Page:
Fiction Prompts

There Will Be No Peace Without Canada

Adams slouched in an elbow chair,  snoring softly. Jay set down his pen. He sprinkled the wet ink with sand, blew it off in cloud that also extinguished his candle. He held up the document. “Mr. Adams,” he said. “I’ve finished.” Adams started up, blinking. “The proposal? Excellent.” He stood and stretched, not much taller

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Inner Man

Since my seventieth birthday I have assiduously avoided mirrors. I find it is better for me not to remind myself of my appearance, for it belies my inner man. This is not to say that I have the boundless vigor and flexibility of youth, but I certainly feel better than the shrunken visage of sparse

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私を忘れないでください

When Tamura Takashi was growing up, his grandmother told stories of the terrible night American bombers turned the sacred city of Nagoya into a lake of fire. “The next morning was so odd,” she said. “There was nothing left. No buildings, no trees, no people. Only miles of ashes as far as the eye could

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Mr Nervous

Our first winter on the farm, Ellie kept seeing him. We thought she had an overactive imagination spurred by too much television, but Ellie was insistent that Mr. Nervous was real. We would hear her talking to him, open the door. “He just left,” she’d say. Odd things began to happen. Lights coming on in

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What I Wanted To Believe

My memory was going. That’s what I wanted to believe. I kept losing time. Two hours, then three, then a whole day. I would be in one place and then I would be in another with no memory of how I got there. I talked to my husband about it. He said I was working

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Grief

After the funeral, I made arrangements for the bills to come to my office. Every month, I paid her rent, her electric, even her phone. At least once a day I would call her number and pretend she might answer it, hear her voice on the answering machine. At first I left messages, but then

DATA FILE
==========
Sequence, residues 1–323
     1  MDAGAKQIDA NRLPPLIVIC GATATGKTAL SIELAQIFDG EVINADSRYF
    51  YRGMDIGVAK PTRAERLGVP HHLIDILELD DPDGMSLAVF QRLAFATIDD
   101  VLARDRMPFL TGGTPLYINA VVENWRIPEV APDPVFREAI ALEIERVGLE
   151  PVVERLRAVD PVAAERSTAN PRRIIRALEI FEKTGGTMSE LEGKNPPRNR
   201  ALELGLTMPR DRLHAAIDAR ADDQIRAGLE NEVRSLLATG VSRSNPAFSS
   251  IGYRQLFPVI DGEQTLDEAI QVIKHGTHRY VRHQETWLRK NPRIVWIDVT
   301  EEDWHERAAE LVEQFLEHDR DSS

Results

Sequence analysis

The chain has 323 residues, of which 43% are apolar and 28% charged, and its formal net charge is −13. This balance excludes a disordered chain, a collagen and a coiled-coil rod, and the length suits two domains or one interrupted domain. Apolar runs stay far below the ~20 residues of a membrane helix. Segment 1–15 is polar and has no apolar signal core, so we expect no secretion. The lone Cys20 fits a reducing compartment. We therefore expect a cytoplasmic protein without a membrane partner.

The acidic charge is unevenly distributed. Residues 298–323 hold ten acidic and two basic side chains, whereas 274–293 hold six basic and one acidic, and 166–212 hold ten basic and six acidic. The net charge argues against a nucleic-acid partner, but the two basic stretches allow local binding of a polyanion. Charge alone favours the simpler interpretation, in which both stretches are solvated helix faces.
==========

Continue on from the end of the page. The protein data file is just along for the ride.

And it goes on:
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El Advino Viejo

Ramón walked across the plaza. The birds no longer sang of hope. Now their noise mocked him, told him what he was. What he would always be. Up ahead the old man was still sitting at his little table in the shade, the same old man who’d offered to tell Ramón his fortune earlier, when

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Consequence

“Hello?” “Sorry to wake you.” “Joey?” “Listen. I need you to get over here. It’s Pop.” I sat up. “I had a dream about him!” “Yeah, well. This ain’t a dream. I need you to come to the house right away.” “What happened? Is he okay?” “I––I can’t tell. He’s sitting in the kitchen. He’s

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Cheers

She looks so pretty, but the martinis are a bad idea. She hasn’t eaten all day and is already halfway through the second one before the waiter comes by for our order. She’s in her ebullient stage, laughing out a story I’ve heard before. I laugh along, watching for the change. I know it’s coming.

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